Ciena executives talked up the company’s competitive position on 800G as it posted results for its fiscal Q2 2021 (ended May 1), arguing it has already secured many key customers in the market.
The company added 16 new design wins for its 800G-enabled WaveLogic 5 Extreme coherent optical solution in the quarter, raising its total customer count to 95. During an earnings call, CFO James Moylan said Ciena has shipped 11,500 units of the product since the start of commercial shipments about a year ago, with 5,000 of those in the last quarter alone. He noted “that’s an accelerated pace of ramp” from its 400G solution and “it’s across all customer segments as well.”
Those figures compare to the more than 6,000 units shipped and 75 customers the company said it had in April.
Rival Infinera announced the start of commercial shipments of its own 800G solution last month. But Ciena CEO Gary Smith downplayed the potential competitive threat, stating “pretty much most of the primary landing slots on 800 gig are already taken with the head start that we’ve had.”
RELATED: Ciena touts 800G, preps ZR pluggable
Moylan also provided an update on Ciena's plans for a ZR pluggable, noting this was “now actively in certification in a number of customer labs” and it remains on track for general availability in mid-2021. He added it expects to see initial deployments later this year with “more significant" rollouts following in 2022.
Metrics and markets
Ciena’s revenue fell nearly 7% year on year to $833.9 million in the quarter, with net income of $103.1 million up 12% thanks to a $40.4 million boost from the Canadian Emergency Wage Subsidy program.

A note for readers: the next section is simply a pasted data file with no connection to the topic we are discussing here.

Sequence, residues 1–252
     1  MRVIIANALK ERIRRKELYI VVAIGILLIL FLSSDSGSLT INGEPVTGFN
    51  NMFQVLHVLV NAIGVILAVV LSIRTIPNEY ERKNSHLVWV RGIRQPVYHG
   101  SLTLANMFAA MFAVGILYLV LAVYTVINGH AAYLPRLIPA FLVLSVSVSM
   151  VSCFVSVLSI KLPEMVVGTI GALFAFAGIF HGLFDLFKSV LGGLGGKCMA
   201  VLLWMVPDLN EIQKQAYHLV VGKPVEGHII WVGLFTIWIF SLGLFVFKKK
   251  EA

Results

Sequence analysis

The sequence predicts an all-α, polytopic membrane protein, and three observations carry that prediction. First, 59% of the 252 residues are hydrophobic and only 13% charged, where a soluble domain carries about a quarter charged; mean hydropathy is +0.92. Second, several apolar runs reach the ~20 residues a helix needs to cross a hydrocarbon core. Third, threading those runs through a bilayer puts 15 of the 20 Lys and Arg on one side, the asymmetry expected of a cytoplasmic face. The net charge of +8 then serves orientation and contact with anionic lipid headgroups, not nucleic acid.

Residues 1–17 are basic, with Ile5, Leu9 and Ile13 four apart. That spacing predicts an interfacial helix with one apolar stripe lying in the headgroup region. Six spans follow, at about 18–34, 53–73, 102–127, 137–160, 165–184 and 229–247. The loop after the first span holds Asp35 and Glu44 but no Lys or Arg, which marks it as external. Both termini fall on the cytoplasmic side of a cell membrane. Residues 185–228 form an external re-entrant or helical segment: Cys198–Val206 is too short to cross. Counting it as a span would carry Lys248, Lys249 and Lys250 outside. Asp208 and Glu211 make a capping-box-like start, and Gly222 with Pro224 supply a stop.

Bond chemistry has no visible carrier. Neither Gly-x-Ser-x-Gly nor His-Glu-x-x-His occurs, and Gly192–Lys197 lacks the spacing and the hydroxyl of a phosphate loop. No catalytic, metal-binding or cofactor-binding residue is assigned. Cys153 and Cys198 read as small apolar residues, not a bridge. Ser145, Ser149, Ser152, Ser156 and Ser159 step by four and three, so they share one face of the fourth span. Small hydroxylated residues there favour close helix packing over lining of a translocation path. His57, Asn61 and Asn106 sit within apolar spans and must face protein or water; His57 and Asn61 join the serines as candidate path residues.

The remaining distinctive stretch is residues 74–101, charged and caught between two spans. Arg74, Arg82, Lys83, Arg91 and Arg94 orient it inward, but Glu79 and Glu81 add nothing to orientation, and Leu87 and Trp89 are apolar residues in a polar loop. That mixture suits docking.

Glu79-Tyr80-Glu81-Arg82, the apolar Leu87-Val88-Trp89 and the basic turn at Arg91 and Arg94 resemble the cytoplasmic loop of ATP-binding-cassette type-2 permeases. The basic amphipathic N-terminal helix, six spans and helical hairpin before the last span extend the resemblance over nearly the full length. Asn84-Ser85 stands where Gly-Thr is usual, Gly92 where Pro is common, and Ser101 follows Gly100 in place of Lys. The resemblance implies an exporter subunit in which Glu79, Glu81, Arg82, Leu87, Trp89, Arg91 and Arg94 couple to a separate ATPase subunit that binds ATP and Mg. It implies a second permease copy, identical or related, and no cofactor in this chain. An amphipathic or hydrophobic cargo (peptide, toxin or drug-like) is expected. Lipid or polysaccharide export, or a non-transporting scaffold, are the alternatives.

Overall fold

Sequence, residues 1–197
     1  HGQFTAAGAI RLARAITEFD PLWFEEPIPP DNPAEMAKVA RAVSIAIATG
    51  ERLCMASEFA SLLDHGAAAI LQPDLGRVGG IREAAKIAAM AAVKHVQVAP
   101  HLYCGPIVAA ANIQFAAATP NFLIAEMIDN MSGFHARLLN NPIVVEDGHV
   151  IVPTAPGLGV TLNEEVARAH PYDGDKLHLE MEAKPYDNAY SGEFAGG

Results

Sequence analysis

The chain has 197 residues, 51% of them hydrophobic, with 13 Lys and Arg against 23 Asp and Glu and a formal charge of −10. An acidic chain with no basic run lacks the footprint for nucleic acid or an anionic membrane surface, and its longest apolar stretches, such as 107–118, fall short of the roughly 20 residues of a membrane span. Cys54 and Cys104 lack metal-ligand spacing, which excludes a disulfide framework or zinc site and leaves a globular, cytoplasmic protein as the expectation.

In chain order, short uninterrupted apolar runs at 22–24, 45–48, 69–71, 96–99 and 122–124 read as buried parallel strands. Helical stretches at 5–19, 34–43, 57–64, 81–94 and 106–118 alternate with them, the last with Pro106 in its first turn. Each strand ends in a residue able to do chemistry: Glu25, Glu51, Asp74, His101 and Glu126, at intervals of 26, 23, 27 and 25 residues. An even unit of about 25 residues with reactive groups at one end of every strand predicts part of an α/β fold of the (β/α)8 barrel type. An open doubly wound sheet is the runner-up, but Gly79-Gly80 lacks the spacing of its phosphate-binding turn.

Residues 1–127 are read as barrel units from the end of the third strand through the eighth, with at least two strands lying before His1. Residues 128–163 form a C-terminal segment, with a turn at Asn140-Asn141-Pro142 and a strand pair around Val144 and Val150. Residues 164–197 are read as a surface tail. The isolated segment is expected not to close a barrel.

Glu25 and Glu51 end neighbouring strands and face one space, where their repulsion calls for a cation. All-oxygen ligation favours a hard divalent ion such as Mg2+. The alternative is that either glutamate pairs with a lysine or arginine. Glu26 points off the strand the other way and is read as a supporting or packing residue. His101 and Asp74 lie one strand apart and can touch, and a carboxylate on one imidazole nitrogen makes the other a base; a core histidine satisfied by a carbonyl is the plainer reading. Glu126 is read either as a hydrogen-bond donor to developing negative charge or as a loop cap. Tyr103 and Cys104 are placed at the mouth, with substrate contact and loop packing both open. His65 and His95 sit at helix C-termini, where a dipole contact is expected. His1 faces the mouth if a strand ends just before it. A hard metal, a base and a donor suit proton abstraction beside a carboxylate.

Its networking platforms business accounted for the bulk of revenue, bringing in $637.3 million, though this total was down year on year from $718.5 million. Platform Software and Services revenue grew 26% to $56.7 million, Blue Planet Automation Software and Services increased 59% to $23.9 million and Global Services was roughly flat at $116 million compared to $115.6 million in the year-ago period.
The Americas region generated 70% of revenue in the quarter, with Smith noting activity with tier-1 service providers in North America was increasing after a Covid-related slowdown. He also pointed to growing strength in Europe, the Middle East and Africa (EMEA), which accounted for nearly 19% of revenue.
In Europe and India, Smith said a desire to reduce reliance on Huawei products is expected to be a tailwind for the company and highlighted a recent ramp in action in the latter to address the issue.
“We’ve seen a lot of activity around the major carriers there wishing to decrease their dependency on Huawei," he said, adding the operators had issued RFPs and "we've won more than our fair share of those deals. They are being probably more aggressive than we’re seeing in other parts of the world…but that’s not yet on the scorecard because it hasn’t been deployed.”